Poly (DL-lactide-co-glycolide) nanoparticle-based inhalable sustained drug delivery system for experimental tuberculosis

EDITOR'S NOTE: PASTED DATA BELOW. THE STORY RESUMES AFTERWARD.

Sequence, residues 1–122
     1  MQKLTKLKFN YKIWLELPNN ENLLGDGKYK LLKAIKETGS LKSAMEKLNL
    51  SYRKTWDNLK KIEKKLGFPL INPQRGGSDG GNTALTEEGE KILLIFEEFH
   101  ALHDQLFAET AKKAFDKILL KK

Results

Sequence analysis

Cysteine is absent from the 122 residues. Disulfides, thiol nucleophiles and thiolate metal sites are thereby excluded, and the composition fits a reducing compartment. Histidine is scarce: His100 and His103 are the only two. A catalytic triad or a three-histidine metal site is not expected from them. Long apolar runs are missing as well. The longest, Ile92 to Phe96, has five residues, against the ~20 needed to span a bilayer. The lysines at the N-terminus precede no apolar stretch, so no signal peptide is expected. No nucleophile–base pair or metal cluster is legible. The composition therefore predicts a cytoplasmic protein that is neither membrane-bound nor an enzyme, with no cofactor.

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ObjectivesTo improve the bioavailability of antitubercular drugs (ATDs) as well as to assess the feasibility of administering ATDs via the respiratory route, this study reports the formulation of three frontline ATDs, i.e. rifampicin, isoniazid and pyrazinamide encapsulated in poly (DL-lactide-co-glycolide) nanoparticles suitable for nebulization.MethodsDrug-loaded nanoparticles were prepared by the multiple emulsion technique, vacuum-dried and nebulized to guinea pigs. The formulation was evaluated with respect to the pharmacokinetics of each drug and its chemotherapeutic potential in Mycobacterium tuberculosis infected guinea pigs.ResultsThe aerosolized particles exhibited a mass median aerodynamic diameter of 1.88 ± 0.11 µm, favourable for bronchoalveolar lung delivery. A single nebulization to guinea pigs resulted in sustained therapeutic drug levels in the plasma for 6–8 days and in the lungs for up to 11 days. The elimination half-life and mean residence time of the drugs were significantly prolonged compared to when the parent drugs were administered orally, resulting in an enhanced relative bioavailability (compared to oral administration) for encapsulated drugs (12.7-, 32.8- and 14.7-fold for rifampicin, isoniazid and pyrazinamide, respectively). The absolute bioavailability [compared to intravenous (iv) administration] was also increased by 6.5-, 19.1- and 13.4-fold for rifampicin, isoniazid and pyrazinamide, respectively. On nebulization of nanoparticles containing drugs to M. tuberculosis infected guinea pigs at every 10th day, no tubercle bacilli could be detected in the lung after five doses of treatment whereas 46 daily doses of orally administered drug were required to obtain an equivalent therapeutic benefit.ConclusionsNebulization of nanoparticles-based ATDs forms a sound basis for improving drug bioavailability and reducing the dosing frequency for better management of pulmonary tuberculosis.

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